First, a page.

Skogafoss holds the title of being one of Iceland’s largest waterfalls. Its 15 meter wide river drops a distance of around 60 meters and the force of this drop kicks up such a large quantity of water spray that a single or even double rainbow can often be glimpsed dancing across the cascade on a sunny day. On the eastern side of the waterfall you will be able to find a hiking trail that goes all the way up to the top of the waterfall where an observation platform offers a spectacular view of the waterfall from above. The hiking path actually continues from here leading up to the Fimmvörðuháls pass between the Eyjafjallajökull and Mýrdalsjökull glaciers and going down into Þórsmörk before becoming the Laugavegur trail to Landmannalaugar.

Vík í Mýrdal

Vík is a small fishing town on the southern coast of Iceland that holds the title of being the southern-most village in the country. It sits on the famous ring road around 180 Km away from the city of Reykjavik and has a population count of roughly 300 people living there.

While it may be easy to see Vík as just the turning point where most south coas tours turn around to go back to Reykjavik many are surprised by the sheer amount of activities available in this area. To name a few there is hiking, ice climbing, glacier hiking, ziplining, horse riding and hang gliding as well as tonnes of art & culture. Vík is a fantastic place for adventurers of all types to slow down and take a break allowing them time to recharge their batteries before the next leg of their adventure begins.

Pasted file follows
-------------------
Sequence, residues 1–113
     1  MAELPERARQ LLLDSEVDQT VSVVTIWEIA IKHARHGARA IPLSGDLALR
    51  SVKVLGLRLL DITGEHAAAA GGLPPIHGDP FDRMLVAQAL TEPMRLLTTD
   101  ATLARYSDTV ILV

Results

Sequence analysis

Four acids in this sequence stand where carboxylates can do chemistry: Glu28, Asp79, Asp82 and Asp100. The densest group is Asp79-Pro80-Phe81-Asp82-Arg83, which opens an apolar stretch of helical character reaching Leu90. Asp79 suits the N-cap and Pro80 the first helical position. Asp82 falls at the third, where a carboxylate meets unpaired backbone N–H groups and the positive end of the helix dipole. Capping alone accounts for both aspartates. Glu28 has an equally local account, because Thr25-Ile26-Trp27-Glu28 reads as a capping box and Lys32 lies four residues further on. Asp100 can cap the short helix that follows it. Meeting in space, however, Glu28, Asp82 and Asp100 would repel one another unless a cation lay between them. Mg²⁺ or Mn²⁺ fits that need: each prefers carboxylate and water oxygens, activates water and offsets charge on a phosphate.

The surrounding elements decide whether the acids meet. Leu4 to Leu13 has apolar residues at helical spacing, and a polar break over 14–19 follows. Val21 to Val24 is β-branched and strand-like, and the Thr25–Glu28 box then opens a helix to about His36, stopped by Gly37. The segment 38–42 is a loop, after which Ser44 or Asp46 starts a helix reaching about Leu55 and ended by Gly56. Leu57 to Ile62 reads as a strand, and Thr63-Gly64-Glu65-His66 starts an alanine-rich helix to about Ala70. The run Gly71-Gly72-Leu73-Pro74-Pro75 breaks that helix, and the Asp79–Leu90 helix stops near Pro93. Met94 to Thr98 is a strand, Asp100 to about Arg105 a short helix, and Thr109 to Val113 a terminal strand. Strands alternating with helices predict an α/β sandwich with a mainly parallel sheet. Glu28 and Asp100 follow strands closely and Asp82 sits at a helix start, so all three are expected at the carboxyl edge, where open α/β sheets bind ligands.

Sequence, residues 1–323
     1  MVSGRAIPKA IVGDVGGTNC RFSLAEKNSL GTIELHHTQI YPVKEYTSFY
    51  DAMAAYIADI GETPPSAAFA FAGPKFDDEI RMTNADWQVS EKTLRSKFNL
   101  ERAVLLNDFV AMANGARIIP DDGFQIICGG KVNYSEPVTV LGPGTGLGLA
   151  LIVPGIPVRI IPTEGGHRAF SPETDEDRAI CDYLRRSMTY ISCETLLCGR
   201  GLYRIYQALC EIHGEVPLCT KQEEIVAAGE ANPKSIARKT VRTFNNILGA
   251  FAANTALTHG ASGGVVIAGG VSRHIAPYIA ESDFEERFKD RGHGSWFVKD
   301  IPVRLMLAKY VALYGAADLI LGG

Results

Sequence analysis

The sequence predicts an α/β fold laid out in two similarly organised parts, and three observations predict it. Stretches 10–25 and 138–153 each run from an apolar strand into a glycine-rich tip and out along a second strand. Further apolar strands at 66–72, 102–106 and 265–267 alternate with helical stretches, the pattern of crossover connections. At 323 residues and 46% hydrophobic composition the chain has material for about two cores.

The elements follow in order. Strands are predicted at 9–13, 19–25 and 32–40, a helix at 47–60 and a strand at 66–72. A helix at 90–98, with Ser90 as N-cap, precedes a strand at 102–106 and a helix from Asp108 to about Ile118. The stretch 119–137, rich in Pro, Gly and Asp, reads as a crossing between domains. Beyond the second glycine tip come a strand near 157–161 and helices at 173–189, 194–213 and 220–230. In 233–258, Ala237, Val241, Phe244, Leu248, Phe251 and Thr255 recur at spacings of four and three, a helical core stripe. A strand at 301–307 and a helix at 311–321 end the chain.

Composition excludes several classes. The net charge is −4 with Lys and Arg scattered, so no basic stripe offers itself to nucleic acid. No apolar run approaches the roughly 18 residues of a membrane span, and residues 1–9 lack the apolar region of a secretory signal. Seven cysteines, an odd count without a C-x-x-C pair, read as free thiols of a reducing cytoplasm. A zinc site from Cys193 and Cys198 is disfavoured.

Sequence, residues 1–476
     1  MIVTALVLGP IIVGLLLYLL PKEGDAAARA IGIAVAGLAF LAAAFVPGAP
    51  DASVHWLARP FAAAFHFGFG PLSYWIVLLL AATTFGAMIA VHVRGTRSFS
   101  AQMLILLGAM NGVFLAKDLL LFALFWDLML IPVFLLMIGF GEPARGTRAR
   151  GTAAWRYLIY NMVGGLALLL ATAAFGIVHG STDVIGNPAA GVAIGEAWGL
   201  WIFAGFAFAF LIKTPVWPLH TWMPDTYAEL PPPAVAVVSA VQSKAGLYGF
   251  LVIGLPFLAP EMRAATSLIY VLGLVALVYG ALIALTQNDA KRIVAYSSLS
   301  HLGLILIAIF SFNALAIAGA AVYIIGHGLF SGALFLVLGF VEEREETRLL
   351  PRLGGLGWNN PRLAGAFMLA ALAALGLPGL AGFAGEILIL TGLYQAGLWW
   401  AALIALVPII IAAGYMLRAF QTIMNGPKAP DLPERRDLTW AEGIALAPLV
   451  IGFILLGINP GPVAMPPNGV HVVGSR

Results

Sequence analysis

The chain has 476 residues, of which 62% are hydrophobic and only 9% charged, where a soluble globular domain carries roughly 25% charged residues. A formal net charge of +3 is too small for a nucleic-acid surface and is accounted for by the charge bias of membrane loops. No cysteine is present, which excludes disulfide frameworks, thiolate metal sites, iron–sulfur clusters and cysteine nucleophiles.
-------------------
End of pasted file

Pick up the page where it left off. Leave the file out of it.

Also, Vík is well known as a place where you are able to obtain some very special handmade gifts, perfect as a reminder of your time here in Iceland or as presents for those back home.

Reynisfjara Black Sand Beach

The black sand beaches of Reynisfjara, named by National Geographic as one of the worlds top ten most beautiful (non tropical) beaches, stand as perhaps one of the  single most visited areas of Iceland by the people who come to visit the country. The whole beach is covered in a dark volcanic sand and stones both of which being by-products of the intense nature of the island but it creates a gorgeous scenery that at times can seem like it belongs on an alien planet.

The black sands are not the only attraction of the area however and are certainly not the only thing the volcanic activity of the south coast created. Along the beach you will also find spectacular cliffs made from columns of basalt, their hexagonal shape caused by a process known as columnar Jointing whereby the formation is created by cracks that form during the cooling process of the rocks. Two more basalt cliffs also exist in this area but to find these yo uwill need to cast your gaze out towards the sea where the two large formations stand. These are called the Reynisdrangar and if legends are to be believed then these are the bodies of two trolls that turned to stone in the sunlight while trying to salvage a ship from the water.